Five years ago I was pulling weekend pints in a heavy metal bar while whittling away my weekdays tweeting apologies to folk who had been spending a considerable amount of time on the lavvy after dining at a certain world buffet chain.
I was working as an apprentice for a social media agency and as much as I hated it, it wasn’t without its teachings. I now know that any charlatan can claim to be a "social media guru" and charge you for the privilege of knowing that Hootsuite exists. Also, more fool anybody choosing to dine anywhere that promises to take you on an in-house culinary excursion to 80 different destinations for the tidy sum of £12.99.
In the meantime, most of my mates were off celebrating the end of uni and broadening their horizons at the bottom of a bucket in South East Asia. Suffice to say I was a frustratingly mild shade of bitter. My prior stint at university, where I had been working towards a degree in art and design, had fallen by the wayside following the death of a close family member and a rough ride on the seas of depression.
My creative worth had crumpled into itself and confidence in my ability withered. I worked my way through a series of in-house marketing roles, which seemed to be punctuated by frustrating discussions with senior colleagues and a constant stream of hair-ripping moments. A business owner I once worked for informed a room full of people, including myself, that he thought my photography work was hideous. This same gentleman also insisted that a size 16 font was not at all large enough for a catalogue and his customers would not be able to read text of this size in certain sunlight.
The resilience these occurrences gave me, though I didn’t know it at the time, has now come to define me.
In September of 2017 I turned 26 and was accepted onto the New Blood Shift programme, an intensive 12-week course in creative advertising from D&AD. This was for people like me – without a degree but with a burning desire to create. I had applied on a last-minute whim and never expected my dabblings in design and illustration, which had kept me sane over the years, would end up changing my life.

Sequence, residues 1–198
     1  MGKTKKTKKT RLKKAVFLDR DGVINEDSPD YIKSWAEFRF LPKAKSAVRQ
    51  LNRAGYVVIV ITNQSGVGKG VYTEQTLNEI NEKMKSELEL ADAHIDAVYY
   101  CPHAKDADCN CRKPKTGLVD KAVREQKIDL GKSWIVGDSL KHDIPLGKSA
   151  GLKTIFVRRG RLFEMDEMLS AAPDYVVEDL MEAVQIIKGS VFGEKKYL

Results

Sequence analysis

Shift opened doors for me and gave me the platform I’d been yearning for, which I feel would never have been possible otherwise. We were thrown in to the world of Pencil awards, prototypes, pitching and everything else the advertising world has to offer. We were pushed to our creative limits, doing things we’d never thought possible, and in a blur of train tickets and sleepless nights, my creative worth was found again.
The recognition provided by D&AD set my soul on fire, and now there’s no turning back for me. I urge you – agencies, recruiters – to look beyond your usual application criteria, which so often demand qualifications and experience. Creativity doesn’t adorn itself in dissertations. It’s calling last orders, it’s pushing the 9-5 grind, it’s behind the desk of dissatisfaction and it’s waiting for you to give it a leg up!